Recruitment for Overseas Service

Oral Answers to Questions — Technical Co-Operation – in the House of Commons am 12:00 am ar 25 Mehefin 1964.

Danfonwch hysbysiad imi am ddadleuon fel hyn

Photo of Mr Joseph Hiley Mr Joseph Hiley , Pudsey 12:00, 25 Mehefin 1964

asked the Secretary for Technical Co-operation how many British people were recruited in 1963 under the auspices of the British Government for service in the developing countries.

Mr. Carr:

The total number recruited in 1963 was just over 2,900 including a very small number who are not of British nationality.

Photo of Mr Joseph Hiley Mr Joseph Hiley , Pudsey

I am grateful to my right hon. Friend for that reply. How do the figures compare with the previous period? Is he satisfied with the progress?

Mr. Carr:

In 1962 the total recruitment was 2,300, so that it has gone up by a healthy percentage, which is satisfactory. We want that to continue and, if possible, to increase still further.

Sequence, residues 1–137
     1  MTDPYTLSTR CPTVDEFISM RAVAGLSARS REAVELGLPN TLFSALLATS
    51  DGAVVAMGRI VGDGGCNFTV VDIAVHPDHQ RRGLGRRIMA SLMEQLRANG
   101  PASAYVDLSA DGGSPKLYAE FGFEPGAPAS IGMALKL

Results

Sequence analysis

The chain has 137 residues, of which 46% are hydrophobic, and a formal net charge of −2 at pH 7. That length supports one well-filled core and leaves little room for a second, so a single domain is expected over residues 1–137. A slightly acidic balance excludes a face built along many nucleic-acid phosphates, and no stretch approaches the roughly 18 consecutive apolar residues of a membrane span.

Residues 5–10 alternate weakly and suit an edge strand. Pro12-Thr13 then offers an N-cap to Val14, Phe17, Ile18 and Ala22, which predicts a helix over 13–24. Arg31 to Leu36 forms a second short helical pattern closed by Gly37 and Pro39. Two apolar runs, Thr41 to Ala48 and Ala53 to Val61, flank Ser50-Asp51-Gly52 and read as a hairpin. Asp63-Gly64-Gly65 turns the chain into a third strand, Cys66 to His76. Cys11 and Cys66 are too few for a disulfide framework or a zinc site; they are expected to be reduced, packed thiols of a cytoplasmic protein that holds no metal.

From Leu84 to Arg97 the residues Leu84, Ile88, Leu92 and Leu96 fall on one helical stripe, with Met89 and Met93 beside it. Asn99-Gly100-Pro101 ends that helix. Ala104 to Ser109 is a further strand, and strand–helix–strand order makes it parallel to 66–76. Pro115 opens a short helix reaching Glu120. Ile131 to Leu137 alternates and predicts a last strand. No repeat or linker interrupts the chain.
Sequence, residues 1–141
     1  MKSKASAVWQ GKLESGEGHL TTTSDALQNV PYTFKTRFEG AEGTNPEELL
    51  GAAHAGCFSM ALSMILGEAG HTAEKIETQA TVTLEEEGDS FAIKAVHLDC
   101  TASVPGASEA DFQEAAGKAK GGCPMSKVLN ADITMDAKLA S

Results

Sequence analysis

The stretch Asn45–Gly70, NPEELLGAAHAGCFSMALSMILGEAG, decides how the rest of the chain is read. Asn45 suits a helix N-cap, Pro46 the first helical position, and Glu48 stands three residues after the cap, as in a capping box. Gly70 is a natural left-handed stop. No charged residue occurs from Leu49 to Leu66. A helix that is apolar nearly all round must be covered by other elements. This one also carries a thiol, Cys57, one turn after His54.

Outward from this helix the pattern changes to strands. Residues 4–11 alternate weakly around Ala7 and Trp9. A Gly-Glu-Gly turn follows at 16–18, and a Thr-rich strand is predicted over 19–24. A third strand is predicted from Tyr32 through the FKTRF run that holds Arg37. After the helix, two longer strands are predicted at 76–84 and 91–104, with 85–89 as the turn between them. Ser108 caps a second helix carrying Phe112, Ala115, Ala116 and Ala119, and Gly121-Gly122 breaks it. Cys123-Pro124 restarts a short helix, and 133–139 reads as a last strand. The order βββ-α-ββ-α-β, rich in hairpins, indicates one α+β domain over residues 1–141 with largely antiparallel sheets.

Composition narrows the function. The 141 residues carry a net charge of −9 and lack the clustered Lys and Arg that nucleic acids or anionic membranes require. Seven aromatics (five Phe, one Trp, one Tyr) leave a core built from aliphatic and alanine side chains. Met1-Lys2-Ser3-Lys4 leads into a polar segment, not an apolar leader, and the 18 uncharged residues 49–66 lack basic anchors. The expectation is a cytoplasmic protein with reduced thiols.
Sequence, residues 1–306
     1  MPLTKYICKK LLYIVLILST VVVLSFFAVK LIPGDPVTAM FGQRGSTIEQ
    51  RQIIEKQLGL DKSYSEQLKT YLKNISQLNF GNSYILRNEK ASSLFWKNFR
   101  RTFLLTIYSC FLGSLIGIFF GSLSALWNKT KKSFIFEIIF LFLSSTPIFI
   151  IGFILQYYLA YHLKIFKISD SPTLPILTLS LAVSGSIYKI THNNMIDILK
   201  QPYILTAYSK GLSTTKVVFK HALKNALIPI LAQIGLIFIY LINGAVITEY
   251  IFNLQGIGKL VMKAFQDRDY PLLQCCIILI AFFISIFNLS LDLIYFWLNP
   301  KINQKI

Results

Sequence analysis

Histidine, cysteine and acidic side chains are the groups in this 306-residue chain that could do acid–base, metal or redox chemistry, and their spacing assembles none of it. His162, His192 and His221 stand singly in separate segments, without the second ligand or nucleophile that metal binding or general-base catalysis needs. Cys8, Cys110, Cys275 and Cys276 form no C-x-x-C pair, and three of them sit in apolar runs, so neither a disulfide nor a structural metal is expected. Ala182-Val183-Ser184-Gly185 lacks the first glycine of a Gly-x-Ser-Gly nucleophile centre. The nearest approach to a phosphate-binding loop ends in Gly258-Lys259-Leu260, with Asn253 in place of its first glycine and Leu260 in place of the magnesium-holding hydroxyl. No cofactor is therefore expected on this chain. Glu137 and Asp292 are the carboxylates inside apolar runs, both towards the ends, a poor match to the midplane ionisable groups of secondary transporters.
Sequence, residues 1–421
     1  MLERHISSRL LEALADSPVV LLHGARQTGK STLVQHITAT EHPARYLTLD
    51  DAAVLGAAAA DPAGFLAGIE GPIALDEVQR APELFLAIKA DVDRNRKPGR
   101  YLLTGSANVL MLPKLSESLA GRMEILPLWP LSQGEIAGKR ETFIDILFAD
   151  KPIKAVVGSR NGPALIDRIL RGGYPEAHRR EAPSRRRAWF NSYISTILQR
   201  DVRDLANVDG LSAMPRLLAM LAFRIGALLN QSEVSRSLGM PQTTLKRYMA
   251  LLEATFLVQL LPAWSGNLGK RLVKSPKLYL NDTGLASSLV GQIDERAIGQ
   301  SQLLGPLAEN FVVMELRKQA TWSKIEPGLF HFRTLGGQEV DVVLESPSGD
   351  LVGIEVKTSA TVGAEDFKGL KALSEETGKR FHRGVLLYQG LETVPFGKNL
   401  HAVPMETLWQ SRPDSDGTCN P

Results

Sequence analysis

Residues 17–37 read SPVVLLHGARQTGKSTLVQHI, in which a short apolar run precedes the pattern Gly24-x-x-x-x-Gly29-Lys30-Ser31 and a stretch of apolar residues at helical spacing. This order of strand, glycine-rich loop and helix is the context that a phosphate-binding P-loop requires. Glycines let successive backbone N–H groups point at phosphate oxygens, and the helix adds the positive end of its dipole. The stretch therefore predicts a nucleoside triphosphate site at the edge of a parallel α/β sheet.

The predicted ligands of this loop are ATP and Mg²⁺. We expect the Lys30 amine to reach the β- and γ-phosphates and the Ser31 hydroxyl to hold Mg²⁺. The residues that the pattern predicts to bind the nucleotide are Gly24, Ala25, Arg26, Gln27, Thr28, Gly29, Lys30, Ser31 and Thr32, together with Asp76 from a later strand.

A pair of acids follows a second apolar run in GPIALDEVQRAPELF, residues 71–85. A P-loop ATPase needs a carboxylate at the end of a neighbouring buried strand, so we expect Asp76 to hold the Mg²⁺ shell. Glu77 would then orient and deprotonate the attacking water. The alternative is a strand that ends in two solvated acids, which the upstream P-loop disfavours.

Photo of Sir Elwyn Jones Sir Elwyn Jones , West Ham South

Will the right hon. Gentleman look into the question of the time taken to come to a decision about some of these recruits? There are complaints about long delays we have discouraged a number of people, including professors and even lawyers—if the latter might be deemed in any community to be useful—from undertaking these commitments? Will he look at that?

Mr. Carr:

Indeed, I will. We try to do this as fast as we can. We have first to select suitable candidates and final selection is by the Government of the overseas country concerned. We can only submit names for their final approval or rejection. The process sometimes takes longer than we would wish.